Bigil Review – Emotions work, Sport Doesn’t.

During the pre-Intermission scene when one of the antagonist Stabs Rayappan, Bigil gets down from the train to save his father and you see his football hitting the ground in the background, symbolically showing how one scenario turned the entire life of Bigil upside down.

This one scene stuck in my head because the rest of the movie is all about how to get back on track once you fall on the ground, this is applicable for almost all the characters in the film be it Bigil or his Coach frend or Bigil’s Super-girl football team or the Antagonist’s son who is always trying to kill Bigil, everyone’s life turned upside down with that one situation and everyone is trying to deal with it in their own way until they found some purpose in their lives in form of a football team.

The movie starts off well with usual Vijay-Atlee style Intro scene followed by a fight, followed by a Dance number but soon it begins to feel like Atlee may not have anything new to offer this time around as the scenes which comes on screen does not impress, and the love track between Vijay and Nayantara is half baked and feels like a filler, until Rayappan’s character is introduced.

Rayappan (Played by Vijay Again) is father of Bigil, a Rowdy who doesn’t want his kid or any kids in his controlled premise to choose the path which he is in, and he can’t leave that path because he crossed that line of no return already. This point though has not been elaborated in the movie but well established in couple of scenes between Rayappan and Bigil.

From the introduction of Rayappan’s character the movie’s pace goes little faster but ends up leaving somewhat unsatisfied feeling during intermission.


Atlee brought his A game in the second half of the movie, though the football matches feels like rehash of Shah Rukh Khan’s Chak de India, though all the beats are similar to any standard sports movie, what works big time in the second half is its emotions, the stories around individual Women characters of the football team.

Particularly couple of scenes where Vijay and Nayantara goes to bring their key players back in to the team from their homes, and realize the hardships of a woman who has to go through so much before they even think of dreaming for themselves.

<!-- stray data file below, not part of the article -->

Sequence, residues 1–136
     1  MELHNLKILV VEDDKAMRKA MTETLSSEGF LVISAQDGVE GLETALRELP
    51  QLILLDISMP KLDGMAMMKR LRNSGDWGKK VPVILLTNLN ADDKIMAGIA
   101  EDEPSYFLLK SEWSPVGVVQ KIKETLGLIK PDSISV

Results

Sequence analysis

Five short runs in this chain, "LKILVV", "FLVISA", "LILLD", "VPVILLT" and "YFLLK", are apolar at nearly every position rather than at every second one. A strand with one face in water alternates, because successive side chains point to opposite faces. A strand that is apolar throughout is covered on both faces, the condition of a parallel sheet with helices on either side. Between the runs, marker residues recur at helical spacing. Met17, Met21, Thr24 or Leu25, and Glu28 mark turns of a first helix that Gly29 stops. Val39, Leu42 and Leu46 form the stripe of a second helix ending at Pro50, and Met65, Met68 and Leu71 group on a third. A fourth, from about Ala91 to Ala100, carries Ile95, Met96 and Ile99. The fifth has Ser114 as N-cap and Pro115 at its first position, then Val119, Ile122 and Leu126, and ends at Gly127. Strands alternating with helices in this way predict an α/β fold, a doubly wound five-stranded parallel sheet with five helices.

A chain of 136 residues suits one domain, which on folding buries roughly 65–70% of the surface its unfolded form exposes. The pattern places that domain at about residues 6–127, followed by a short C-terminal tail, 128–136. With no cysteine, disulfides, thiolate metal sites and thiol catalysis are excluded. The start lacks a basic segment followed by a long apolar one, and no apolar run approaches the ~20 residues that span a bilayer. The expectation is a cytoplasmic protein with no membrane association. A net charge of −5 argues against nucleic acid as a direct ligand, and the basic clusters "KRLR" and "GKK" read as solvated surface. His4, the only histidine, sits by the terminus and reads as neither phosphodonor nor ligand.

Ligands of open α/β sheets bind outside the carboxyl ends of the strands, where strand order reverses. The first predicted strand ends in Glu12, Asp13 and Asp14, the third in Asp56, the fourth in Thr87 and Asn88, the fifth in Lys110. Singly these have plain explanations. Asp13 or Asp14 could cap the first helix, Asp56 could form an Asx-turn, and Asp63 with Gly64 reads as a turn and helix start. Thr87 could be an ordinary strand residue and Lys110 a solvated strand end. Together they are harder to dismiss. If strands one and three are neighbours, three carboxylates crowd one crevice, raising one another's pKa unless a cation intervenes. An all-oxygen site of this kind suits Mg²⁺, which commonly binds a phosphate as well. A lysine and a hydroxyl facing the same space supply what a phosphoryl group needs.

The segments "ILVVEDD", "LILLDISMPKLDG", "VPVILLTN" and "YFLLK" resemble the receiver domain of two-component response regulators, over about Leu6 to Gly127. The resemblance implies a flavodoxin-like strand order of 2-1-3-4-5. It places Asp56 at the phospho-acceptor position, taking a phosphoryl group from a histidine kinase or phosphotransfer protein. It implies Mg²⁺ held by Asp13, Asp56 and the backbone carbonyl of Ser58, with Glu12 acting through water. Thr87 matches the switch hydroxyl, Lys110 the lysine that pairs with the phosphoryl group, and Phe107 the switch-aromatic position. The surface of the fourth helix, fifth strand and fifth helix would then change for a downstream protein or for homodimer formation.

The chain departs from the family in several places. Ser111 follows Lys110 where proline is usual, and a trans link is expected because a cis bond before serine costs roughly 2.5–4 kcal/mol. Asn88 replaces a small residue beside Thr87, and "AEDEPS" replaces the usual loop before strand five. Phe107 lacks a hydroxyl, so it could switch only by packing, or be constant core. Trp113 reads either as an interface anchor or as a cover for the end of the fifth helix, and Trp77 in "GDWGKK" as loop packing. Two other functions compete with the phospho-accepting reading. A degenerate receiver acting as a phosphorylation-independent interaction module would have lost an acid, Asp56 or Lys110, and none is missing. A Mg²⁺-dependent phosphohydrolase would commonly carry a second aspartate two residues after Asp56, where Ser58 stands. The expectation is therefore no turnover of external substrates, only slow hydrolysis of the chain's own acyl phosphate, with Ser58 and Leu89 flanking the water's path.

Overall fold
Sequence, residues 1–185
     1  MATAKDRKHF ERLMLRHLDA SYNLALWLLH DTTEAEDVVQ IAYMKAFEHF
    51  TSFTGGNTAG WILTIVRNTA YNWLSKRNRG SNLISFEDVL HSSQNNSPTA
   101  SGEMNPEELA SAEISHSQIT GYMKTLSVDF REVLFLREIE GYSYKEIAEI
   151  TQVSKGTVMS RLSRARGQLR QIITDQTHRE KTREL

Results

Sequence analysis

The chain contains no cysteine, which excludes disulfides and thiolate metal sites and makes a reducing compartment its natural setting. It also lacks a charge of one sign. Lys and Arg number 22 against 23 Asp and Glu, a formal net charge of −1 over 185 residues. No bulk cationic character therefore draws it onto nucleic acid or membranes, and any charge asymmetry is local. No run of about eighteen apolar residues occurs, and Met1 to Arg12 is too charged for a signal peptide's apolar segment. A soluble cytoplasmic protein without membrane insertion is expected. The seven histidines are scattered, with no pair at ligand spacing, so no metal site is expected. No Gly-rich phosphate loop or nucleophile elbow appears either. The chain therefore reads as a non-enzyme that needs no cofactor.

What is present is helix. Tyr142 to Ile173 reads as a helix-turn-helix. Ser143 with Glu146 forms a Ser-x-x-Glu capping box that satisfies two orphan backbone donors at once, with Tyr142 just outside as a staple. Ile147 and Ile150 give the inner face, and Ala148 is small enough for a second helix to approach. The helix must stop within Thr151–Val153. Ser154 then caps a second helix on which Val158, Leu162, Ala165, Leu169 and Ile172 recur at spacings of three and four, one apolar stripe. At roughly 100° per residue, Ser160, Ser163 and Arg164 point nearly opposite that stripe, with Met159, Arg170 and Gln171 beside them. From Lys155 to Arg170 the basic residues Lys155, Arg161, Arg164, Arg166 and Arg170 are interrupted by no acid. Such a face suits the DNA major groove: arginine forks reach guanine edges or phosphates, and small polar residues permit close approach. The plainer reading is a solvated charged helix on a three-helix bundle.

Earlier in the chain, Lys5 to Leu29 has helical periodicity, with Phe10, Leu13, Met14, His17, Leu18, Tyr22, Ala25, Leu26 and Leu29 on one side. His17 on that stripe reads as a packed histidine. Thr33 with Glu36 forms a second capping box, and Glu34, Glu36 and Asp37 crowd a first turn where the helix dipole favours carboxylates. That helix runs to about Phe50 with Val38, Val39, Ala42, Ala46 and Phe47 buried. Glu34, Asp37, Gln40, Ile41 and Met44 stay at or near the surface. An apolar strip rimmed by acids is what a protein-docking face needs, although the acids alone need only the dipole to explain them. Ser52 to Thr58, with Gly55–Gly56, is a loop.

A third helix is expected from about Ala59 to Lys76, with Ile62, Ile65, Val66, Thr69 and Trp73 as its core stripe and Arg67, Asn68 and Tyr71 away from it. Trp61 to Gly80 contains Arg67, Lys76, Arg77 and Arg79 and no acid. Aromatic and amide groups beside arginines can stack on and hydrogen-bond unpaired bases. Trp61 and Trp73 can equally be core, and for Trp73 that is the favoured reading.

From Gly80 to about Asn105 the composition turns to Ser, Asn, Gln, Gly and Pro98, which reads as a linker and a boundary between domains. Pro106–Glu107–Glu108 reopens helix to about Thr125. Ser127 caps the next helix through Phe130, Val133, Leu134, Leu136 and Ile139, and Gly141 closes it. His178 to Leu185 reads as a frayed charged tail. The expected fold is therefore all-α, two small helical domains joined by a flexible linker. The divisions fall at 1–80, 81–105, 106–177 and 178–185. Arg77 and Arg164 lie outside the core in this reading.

What Atlee managed to do here is, almost seamlessly mixing the stardom of Vijay with the Women empowerment story that too without missing the mass elements to keep the core fans happy. Full marks to him for that.

Coming to the performances unfortunately you can’t see anyone but Vijay in the movie, he is literally in every scene leading from the front. What is unlikeable here is though Atlee managed to give couple of girls their back stories but he didn’t give any scope for them to perform, even in few key scenes its vijay who intervenes and sometimes shines.

Jackie Shroff as the main antagonist was just ok, we have seen him do the same character N number of times now. Nayantara didn’t had much to do either, rest of the characters did ok job in supporting vijay.

AR Rahman’s Verrithanam and Singapenny was good, BGM was Bad.

Cinematography by G.K. Vishnu is Nice, especially in Rayappan’s story.

Rating: 3/5


Don’t you think this interval concept in Indian Cinema Is actually ruining the story telling of directors? When the actual story starts from the pre intermission point in most of the southern movies especially, just to fill the space in first half they had to come up with these half-baked love stories, ridiculous comedy tracks n fillers sometimes which serves no purpose to the story whatsoever. Hope this changes in near future.

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